1. To ascertain the impact of government policy on the growth of small and medium scale enterprise.
2. To determine the nature of government policy that can influence the growth of small and medium scale enterprise.
3. To identify factors limiting the growth of small and medium scale enterprise.
1.4 RESEARCH QUESTIONS
1. What is the impact of government policy on the growth of small and medium scale enterprise?
2. What kind of government policy can influence the growth of small and medium scale enterprise?
3. What are the factors limiting the growth of small and medium scale enterprise?
HO: Government policy does not affect the growth of small and medium scale enterprise
HA: Government policy does affect the growth of small and medium scale enterprise
1.6 SIGNIFICANCE OF THE STUDY
This study on the impact of government policy on the growth of small and medium scale enterprises will enlighten the entrepreneurs and the general public on how government policy can positively or negatively affect the growth of small and medium, scale enterprises. It will as well be a useful guide for the government in formulating policies that will contribute to the nation’s GDP through the growth of small and medium scale enterprises. This research will also serve as a resource base to other scholars and researchers interested in carrying out further research in this field subsequently, if applied will go to an extent to provide new explanation to the topic.
1.7 SCOPE/LIMITATIONS OF THE STUDY
This research will cover the overview of the different government policies and how they can influence the growth of small and medium scale enterprises. It will also covers investigations into different kinds of government policies and how they affect the growth of small and medium scale business. Factors that generally affect the growth of small and medium scale enterprises will also be considered in this research.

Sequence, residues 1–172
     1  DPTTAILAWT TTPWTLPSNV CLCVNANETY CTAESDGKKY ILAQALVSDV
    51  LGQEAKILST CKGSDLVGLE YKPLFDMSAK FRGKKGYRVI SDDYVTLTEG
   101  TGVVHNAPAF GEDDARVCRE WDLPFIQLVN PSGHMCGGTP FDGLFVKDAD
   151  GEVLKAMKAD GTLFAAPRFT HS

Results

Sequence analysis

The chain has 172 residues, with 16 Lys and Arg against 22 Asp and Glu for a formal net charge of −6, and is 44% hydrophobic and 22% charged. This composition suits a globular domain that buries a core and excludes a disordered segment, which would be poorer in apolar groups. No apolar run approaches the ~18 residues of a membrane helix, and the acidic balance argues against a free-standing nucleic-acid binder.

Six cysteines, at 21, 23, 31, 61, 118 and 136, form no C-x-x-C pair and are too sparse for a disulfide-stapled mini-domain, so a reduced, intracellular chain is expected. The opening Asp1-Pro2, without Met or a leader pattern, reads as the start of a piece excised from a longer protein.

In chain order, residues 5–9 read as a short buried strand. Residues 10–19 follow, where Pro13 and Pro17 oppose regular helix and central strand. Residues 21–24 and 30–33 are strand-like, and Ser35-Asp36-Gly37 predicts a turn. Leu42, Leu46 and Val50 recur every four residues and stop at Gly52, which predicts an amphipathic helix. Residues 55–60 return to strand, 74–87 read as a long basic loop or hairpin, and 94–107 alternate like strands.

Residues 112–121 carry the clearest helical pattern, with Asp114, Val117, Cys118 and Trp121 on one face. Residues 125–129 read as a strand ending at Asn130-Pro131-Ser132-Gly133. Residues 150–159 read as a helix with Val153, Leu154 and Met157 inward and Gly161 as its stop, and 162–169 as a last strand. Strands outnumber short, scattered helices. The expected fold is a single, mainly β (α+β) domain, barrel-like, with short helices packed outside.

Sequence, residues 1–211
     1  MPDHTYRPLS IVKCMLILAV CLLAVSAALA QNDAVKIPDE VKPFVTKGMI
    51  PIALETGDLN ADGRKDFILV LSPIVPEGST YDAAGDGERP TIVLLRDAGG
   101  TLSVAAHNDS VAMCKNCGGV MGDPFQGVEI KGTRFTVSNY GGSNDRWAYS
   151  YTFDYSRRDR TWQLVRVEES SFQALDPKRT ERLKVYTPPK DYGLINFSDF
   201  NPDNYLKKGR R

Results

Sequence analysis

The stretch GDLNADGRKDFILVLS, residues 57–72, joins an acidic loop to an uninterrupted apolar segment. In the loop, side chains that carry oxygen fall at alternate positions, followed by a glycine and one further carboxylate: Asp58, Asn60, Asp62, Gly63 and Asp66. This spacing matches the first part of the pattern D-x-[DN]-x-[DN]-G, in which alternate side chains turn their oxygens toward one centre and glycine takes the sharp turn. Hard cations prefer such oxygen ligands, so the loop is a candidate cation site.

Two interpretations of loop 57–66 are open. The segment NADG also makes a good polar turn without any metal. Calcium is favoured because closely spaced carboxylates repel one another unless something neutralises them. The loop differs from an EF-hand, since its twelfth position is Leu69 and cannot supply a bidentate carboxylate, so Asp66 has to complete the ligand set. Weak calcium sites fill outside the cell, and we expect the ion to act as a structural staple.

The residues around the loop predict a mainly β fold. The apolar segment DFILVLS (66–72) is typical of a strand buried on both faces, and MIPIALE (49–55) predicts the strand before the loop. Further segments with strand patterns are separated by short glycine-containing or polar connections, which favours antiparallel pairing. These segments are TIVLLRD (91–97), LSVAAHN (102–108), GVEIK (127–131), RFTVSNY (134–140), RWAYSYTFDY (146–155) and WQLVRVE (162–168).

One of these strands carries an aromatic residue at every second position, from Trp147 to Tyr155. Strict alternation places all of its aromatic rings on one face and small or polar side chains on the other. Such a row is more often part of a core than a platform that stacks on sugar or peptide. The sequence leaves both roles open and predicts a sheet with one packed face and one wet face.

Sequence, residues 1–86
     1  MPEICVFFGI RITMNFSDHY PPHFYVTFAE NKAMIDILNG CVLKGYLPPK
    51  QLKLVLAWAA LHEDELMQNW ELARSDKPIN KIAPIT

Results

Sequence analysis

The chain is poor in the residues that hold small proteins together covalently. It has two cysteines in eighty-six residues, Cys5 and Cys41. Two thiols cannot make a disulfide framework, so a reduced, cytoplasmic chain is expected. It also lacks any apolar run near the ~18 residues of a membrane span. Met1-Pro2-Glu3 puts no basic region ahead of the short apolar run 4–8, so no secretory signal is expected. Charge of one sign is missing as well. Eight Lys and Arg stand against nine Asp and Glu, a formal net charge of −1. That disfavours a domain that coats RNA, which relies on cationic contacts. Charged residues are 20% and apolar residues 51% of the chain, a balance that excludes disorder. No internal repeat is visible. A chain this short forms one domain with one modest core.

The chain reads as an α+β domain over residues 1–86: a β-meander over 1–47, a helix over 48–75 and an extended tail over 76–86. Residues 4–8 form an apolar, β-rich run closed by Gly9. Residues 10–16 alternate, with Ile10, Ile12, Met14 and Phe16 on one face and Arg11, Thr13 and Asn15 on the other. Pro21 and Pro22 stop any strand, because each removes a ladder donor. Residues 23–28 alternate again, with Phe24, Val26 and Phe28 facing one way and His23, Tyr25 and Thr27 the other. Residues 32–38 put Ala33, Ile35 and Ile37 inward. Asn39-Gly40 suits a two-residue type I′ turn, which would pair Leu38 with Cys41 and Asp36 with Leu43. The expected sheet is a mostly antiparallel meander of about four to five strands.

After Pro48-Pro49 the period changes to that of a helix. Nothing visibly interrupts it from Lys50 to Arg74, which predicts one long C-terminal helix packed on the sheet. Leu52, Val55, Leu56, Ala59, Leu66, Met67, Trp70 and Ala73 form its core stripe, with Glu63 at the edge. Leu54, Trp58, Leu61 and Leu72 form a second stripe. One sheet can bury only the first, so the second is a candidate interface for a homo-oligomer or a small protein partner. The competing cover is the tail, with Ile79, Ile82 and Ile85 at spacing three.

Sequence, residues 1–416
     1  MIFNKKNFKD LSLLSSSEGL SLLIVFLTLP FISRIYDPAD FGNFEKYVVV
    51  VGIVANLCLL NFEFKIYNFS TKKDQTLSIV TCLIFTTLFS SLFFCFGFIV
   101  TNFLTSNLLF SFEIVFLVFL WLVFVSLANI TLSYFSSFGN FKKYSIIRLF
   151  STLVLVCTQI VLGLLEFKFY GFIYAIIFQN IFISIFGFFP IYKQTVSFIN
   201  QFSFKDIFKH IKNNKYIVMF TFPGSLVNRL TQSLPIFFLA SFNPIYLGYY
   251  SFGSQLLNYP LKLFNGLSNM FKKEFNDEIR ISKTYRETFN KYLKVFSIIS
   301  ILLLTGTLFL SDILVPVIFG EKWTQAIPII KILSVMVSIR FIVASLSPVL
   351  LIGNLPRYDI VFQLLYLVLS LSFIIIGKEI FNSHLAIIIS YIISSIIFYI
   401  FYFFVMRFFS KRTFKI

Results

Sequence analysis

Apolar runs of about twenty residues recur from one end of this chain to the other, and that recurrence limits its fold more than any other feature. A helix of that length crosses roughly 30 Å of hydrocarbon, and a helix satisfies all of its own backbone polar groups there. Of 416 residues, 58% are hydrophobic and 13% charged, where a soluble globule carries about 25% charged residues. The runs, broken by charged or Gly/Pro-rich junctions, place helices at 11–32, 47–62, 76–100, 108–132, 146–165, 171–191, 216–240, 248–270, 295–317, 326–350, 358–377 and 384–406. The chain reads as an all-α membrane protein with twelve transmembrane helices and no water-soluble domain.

1.8 DEFINITION OF TERMS
Government policy: A plan or course of action, as of a government, political party, or business, intended to influence and determine decisions, actions, and other matters
SMEs: an enterprise that has asset base (excluding land) of between N5million –N500 million and labour force of between 11 and 300.
Tax: a compulsory contribution to state revenue, levied by the government on workers’ income and business profits, or added to the cost of some goods, services, and transactions
Subsidies: a sum of money granted by the state or a public body to help an industry or business keep the price of a commodity or service low.
Economy: the state of a country or region in terms of the production and consumption of goods and services and the supply of money.
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Basil, A.N.O. (2005) Small and Medium Enterprises (SMES) In Nigeria: Problems and Prospects, Ph.D. Thesis, St. Clements University, pp. 46-59.
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Obi, P. (2001). Ensuring the Socio-Economic Growth of a Nation. A Paper Presented at a Conference in Johannesburg, between 12th and 15th December, p. 8.